Kharāj and Jizya

views updated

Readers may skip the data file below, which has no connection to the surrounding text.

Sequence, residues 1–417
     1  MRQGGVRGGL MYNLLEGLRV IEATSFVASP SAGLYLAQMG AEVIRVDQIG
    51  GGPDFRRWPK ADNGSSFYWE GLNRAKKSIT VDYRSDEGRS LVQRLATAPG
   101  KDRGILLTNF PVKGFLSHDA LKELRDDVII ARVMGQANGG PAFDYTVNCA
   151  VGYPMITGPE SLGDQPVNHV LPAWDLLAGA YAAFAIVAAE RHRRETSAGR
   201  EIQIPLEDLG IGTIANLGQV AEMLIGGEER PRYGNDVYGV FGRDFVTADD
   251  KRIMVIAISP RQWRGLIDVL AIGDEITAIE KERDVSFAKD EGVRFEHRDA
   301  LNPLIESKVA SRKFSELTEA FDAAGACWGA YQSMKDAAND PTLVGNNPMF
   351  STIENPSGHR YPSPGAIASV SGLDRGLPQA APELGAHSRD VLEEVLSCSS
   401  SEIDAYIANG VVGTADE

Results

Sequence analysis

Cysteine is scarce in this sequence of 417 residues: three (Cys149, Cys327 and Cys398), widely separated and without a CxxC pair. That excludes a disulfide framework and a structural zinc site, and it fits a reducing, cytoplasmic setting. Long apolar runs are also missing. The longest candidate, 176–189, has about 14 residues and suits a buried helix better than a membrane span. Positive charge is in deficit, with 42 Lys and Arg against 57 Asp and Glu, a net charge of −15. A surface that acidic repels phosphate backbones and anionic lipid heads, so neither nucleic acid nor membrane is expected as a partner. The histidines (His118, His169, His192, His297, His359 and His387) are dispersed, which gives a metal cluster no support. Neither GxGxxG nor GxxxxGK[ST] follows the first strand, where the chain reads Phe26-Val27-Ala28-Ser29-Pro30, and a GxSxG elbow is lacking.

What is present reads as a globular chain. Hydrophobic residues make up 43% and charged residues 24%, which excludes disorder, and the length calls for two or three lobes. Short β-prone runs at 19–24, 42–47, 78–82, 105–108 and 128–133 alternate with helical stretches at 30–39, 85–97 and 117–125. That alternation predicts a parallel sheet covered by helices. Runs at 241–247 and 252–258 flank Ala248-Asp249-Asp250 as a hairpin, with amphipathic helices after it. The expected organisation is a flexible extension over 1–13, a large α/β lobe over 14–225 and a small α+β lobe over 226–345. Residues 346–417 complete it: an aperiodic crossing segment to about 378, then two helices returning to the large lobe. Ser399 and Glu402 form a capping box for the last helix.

KHARĀJ AND JIZYA , Arabic-Turkish for tribute or remuneration in general which later came to mean land tax and poll tax, respectively. According to the constitution of the Muslim state, as conceived by the legislators, the payment of the poll tax by the non-Muslim gives him the right to live within the state. Many times the jizya is named jilya or aljavali. Although the jizya is mentioned in the *Koran (Sura 9:29), the poll tax probably was a continuation of the policies of the Persian and Byzantine empires. In Sassanid *Persia all subjects, with the exception of the aristocracy, had to pay a poll tax according to their wealth. The poll tax in the various provinces of the Byzantine empire was not collected in the same way and when the Arabs conquered the lands of the Fertile Crescent, they concluded treaties with certain towns and districts, determining lump sums to be paid to them and to be collected by local notables. Therefore, the sources of the early period of Muslim rule reveal a bewildering confusion. Kharāj (Sura 23:74) and jizya were apparently used interchangeably in various regions, reflecting the lack of uniform fiscal systems. Under the later *Umayyads, from Omar ii (717–720), the authorities began to distinguish between the kharāj, the land tax to be paid by most landholders, and the jizya, the poll tax to be paid by non-Muslims. Under the first *Abbasids, at the end of the eighth century, the Muslim lawyers fixed the rules of the jizya. According to the precepts of Abū Ḥanīfa, which were taken over by most jurists, the poor had to pay one dinar per year; the middle class, two; and the rich, four. Women, children, old men, the sick, the mentally ill, and those without any income were to be exempt. They also established that the tax should be paid at the beginning of the lunar (Muslim) year. The majority of the Muslim jurists thought jizya as a punishment, a means to degrade the non-Muslims.